- Tool Reviews
- Laser Levels Reviews
- Measuring Tool Reviews
- Spirit Level Reviews
- Digital/ Electronic Level Reviews
- Special Purpose Level Reviews
- How Tools Work
- Uses and Applications
- Choosing the Right Tool
- Trade Articles
- Other Nuggets
WANT TO SHARE SOME OF YOUR PROFESSIONAL KNOWLEDGE? Submit an article (1,000 word min.) to LEVELPEDIA.COM and if we use it, we'll ship you a brand new Glo-view® Box Beam Level! Topics can include how you use a level or laser level or how to complete a project. LEVELPEDIA.COM is your online resource - used and created by you.
Send your article to: email@example.com.
Laser Levels Reviews: Rotary Laser Levels
40-6532 Self-Leveling Rotary Laser Level
Johnson Level sent us this unit sometime ago for review however once it was here we realized we don't have that many opportunities where a rotary laser is really necessary. When the Idea Foundry made its move last month to a space 4 times the size however instantly there were plenty of jobs, so we left it there for the built out for everyone to use. See some of the picutres in this photo album.
Out of the Box
Right out of the box the Johnson Rotary Laser Self-Leveling 40-6532 ($689, Amazon) comes with just about everything you will need to get started including the rotary laser with rechargeable battery kit, C battery converter, detector w/clamp 40-6715, remote 40-6735, glasses & case. You may however also want a tripod & measuring rod, especially for outdoor use. The unit is very easy to use with 5 basic buttons on the front power, dot/line mode, rotary mode and 2 up & down which either control speed in rotary mode or move the target in the line/dot mode. A lock on the side will secure the self leveling pendulum for transport of for use in vertical mode. An annoying beep makes sure you have it secure before you go moving it around without the lock which will prolongs the lasers life and accuracy. When use in vertical mode there is another nob below the control panel on the front as well as a bubble level which allows for manual leveling in vertical, plenty accurate for framing walls.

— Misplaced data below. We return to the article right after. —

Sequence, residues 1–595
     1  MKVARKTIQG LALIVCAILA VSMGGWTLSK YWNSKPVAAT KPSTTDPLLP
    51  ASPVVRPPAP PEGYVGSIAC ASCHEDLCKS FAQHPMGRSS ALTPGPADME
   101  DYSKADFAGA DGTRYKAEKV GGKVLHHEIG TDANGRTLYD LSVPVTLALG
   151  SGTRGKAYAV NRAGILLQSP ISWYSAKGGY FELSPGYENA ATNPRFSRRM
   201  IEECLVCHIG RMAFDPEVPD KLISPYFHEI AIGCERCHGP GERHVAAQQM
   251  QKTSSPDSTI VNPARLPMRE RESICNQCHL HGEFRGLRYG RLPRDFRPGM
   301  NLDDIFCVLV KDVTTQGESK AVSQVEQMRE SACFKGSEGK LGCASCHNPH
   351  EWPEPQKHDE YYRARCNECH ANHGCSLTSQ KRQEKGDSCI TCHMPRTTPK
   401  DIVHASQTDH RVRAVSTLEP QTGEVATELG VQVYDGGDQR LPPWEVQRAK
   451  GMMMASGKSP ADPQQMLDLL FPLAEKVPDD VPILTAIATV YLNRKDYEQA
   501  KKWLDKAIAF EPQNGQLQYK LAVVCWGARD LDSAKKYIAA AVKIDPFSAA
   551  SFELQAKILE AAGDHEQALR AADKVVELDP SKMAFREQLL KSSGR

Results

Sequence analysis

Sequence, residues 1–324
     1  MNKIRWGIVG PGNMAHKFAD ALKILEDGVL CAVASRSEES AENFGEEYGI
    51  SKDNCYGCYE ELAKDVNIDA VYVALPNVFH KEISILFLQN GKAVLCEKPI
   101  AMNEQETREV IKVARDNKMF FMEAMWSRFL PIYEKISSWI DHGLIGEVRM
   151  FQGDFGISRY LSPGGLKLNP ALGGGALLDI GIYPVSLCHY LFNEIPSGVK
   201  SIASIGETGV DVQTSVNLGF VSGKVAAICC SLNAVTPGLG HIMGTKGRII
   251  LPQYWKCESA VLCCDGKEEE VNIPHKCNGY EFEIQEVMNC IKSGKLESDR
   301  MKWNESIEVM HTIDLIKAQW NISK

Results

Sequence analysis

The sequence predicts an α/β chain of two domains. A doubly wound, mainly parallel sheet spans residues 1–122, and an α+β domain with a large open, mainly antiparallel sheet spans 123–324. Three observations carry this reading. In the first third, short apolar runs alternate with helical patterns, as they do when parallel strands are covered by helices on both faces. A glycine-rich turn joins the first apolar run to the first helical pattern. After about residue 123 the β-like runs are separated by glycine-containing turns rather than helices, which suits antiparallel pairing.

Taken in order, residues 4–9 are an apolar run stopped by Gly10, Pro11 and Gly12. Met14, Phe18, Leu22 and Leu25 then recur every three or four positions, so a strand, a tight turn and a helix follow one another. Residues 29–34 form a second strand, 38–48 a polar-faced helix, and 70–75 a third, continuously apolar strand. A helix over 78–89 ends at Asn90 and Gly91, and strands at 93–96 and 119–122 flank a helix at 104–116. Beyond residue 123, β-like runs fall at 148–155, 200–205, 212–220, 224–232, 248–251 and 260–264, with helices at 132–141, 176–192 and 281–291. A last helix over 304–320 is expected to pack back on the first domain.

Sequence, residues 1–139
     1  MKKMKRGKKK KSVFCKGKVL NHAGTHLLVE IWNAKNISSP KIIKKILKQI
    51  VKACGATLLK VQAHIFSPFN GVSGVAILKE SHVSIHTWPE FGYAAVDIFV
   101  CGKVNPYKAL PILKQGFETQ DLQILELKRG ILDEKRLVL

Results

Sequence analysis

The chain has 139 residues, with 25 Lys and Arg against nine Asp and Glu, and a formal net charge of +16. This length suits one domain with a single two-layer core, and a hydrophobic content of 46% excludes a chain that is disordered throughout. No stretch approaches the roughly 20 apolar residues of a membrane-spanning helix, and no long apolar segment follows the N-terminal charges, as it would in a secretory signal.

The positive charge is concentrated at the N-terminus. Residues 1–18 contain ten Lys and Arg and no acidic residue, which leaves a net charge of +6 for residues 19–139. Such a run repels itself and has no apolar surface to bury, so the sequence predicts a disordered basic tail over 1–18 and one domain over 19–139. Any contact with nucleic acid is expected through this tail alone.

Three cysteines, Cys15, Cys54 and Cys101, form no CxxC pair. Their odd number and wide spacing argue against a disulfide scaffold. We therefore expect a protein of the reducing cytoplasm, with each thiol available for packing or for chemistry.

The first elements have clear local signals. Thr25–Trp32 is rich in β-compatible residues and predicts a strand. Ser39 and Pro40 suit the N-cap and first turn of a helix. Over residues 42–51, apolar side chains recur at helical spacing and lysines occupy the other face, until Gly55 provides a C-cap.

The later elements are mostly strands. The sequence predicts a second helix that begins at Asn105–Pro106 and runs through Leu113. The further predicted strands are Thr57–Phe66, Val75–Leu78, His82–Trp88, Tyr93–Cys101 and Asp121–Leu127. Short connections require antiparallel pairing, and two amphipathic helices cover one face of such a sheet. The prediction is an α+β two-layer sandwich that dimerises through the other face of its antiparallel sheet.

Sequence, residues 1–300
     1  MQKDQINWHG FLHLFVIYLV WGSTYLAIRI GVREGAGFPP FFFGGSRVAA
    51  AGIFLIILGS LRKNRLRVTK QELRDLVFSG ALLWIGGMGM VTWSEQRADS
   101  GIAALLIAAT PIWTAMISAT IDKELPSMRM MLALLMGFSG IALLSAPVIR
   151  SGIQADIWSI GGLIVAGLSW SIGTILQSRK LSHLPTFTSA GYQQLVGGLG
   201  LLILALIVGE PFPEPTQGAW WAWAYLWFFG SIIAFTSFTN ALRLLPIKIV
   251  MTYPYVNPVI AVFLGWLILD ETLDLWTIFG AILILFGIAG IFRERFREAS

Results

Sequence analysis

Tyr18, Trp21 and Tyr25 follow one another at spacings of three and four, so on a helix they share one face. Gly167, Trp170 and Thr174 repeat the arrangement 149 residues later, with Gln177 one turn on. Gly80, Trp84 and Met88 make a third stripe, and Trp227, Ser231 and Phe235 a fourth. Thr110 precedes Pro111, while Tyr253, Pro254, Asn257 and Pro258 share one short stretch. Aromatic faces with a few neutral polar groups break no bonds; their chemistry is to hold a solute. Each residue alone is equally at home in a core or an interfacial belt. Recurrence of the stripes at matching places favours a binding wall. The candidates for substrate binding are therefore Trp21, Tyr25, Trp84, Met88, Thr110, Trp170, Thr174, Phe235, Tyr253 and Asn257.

The specs on this unit are really pretty impressive for the price, 2000 ft range for exterior use and accurate to 1/8" per 100' are very good numbers. The construction is solid with nice rubberized protection in the event of an unexpected drop, well laid out high quality weatherproof case and other features make it seem like there was a good balance of what your dollar is getting you.
In practice we had a few interior projects to test this unit out on including raising an interior ceiling (but eventually got scrapped due to ductwork issues), framing a few dozen studios as well as a few other odd jobs where it came in handy. It definitely came through with flying colors for the ceiling raising project we did a lot of measurements to see how everything would work and since it was above the current ceiling and dark it was very simple to see the line 360 as far away as 100'. Eventually this project got vetoed but perhaps this saved us from taking on a project that would have taken significant time and dollars away from other important projects and there is definitely a value there. For framing walls this unit was also pretty handy but less essential. While framing studio walls in the middle of an open space it is very important to level multiple walls simultaneously but in the end the walls leveled with a bubble level were just as accurate and possible just as fast.
We did not have a chance to use this unit outdoors for any fun projects like deck building or grading where the rotary laser truly shines. For interior work the new wave of 360 degree line lasers are becoming much more popular, like the Johnson Quad Line 40-6662 ($569, Amazon) or the Bosch Three Axis Gll3-80 ($495, Ohio Power Tool). These new line lasers provide several advantages for interior work with a lot more reference points to work from. Of course they lack the long range of the rotary so outdoor work is limited.
In the way of self leveling rotary lasers we though the Johnson 40-6532 offered a very nice mix of features for the price. For serious surveying this would not be the best laser as there are no slope or grade settings. For the mass majority of landscape grading and general purpose construction however this would be a very good option. We liked the quality feel and appreciated the simplicity of the controls. Check out the video below for more on how a similar Johnson Rotary Laser operates outdoor for grading.